The fluid nature of intervertebral discs means that in order for the vertebrae to be stabilized while stacked on the discs, they have to be joined to each other by strong ligaments under constant tension. This tension puts a compression force on the discs in turn. In order to balance this force, there has to be a way of maintaining pressure inside the disc as well as outside, or it would collapse. Within the fluid that makes up the discs there are cells that require nourishment and a means of removing waste products, but these cells have no means of receiving nourishment from the blood due to the extreme pressure the discs are under. Instead, they rely on diffusion to maintain the required internal pressure while receiving nutriment and removing waste. Movement is the most effective aid to this diffusion.[8]

The Cycles of Pain and Movement

First there is pain, then the body adapts, beginning the Cycle of Pain.

Changes in posture and patterns of movement are like folds in a piece of paper. Paper folded along a line will bend along the same fold when stressed. The body is no different. Once a body makes a change in movement pattern to compensate for pain, the body adopts that poor pattern as the norm, resulting in unbalanced movement and joint stress that lead to a host of problems.

The Cycle of Pain is the result of moving in ways to avoid pain. The solution to the Cycle of Pain is motion.9 Mobilization, muscle stretch, and retraining posture and movement patterns restore normal function and improve integration to maintain status and minimize recurrences.[10] Restore movement and you can re-balance posture to move naturally, feel good, and be well.

Only when joints move freely through a range of motion can weak muscles gain strength, tight muscles stretch and short ligaments lengthen and adapt to balanced posture. This balanced posture leads to balanced movement that creates and maintains flexibility, stability and well-being.

The Cycle of Movement is the result of addressing ways to re-balance and strengthen the body, breaking the Cycle of Pain.

IPM's Role in Improved Posture, Back Health, Motor Skills, and Alertness

Traditional massage techniques are based on rigid ideas and positionings in relation to the massage couch. There should never be any extra contact with the couch or the client. The awareness of the practitioner is very much centred in the upper body – strokes delivered from the arms, with the weight of the arms and force for the strokes being borne by the shoulder girdle and the upper spine.

Injury Prevention Massage (IPM) techniques attempt to shift awareness and balance from the upper spine to the lower back and into the thighs and lower legs, easing the strain on muscles, joints and tendons of the upper body, as well as intervertebral discs and nerve endings which work in concert to hold the back upright. This allows the discs to function more effectively in their role as 'shock absorbers' to the vertebrae of the spine, and also brings about significant improvement in posture. IPM also stresses the importance of movement as the solution to rigid and damaging postures, ensuring the diffusion necessary to maintain happy, healthy discs. IPM also addresses the importance of continued movement after injury, as exercise promotes recovery and rest is only prescribed if essential.[11]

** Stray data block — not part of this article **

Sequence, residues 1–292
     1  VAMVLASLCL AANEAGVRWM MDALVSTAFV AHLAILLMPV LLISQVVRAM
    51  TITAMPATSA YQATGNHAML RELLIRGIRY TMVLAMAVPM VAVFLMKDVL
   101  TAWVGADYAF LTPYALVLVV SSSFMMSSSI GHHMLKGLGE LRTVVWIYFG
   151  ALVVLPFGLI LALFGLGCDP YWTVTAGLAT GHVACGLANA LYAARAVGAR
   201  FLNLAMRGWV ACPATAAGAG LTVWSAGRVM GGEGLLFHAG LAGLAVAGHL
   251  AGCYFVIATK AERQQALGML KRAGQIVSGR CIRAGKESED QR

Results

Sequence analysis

Injury Prevention Massage is about much more than merely administering massage without the use of your hands. It is an advanced massage approach that encompasses the best and most important aspects of several massage disciplines as well as essential elements of body health, balance, and awareness, offering priceless information on how your body should work, figuring out how your body currently works, and protecting yourself against injury – hands, wrists, shoulders, neck and back. The shifted awareness and improved balance and postural positioning all work together to more evenly distribute the workload to a greater area of the musculoskeletal system as opposed to making the structures of the back – muscles, discs, tendons, etc., bear the strain of constant flexation.

Not only does the focus on movement effectively address posture and back health, but plays a large role in stimulation of vestibular apparatus (proprioception) that increases balance and motor skills as well as alertness. The body usage inherent in IPM techniques lends itself to a sort of rocking motion which increases cardiac output, promotes respiration and stimulates muscle tone. The techniques develop the sense of proprioception, bringing about a conscious appreciation of the working of the body's neuroreceptors, especially those concerned with postural awareness.[12]

The ideas put forth in IPM philosophies combine to induce balanced movement, enhance posture, reduce pressure on spinal vertebrae and diaphragm, relieve tension and improve breathing capacity and alertness, producing a genuine sense of poise and equilibrium.

The Anatomy of IPM

Having addressed the postural implications of Repetitive Strain Injury, the most obvious question is how to take the hands out of the massage equation. Many therapists have experimented with applying strokes with different parts of the body. The one that makes the most sense is the arm. Through clinical experimentation, therapists have found several surfaces of the arm that make it a versatile tool.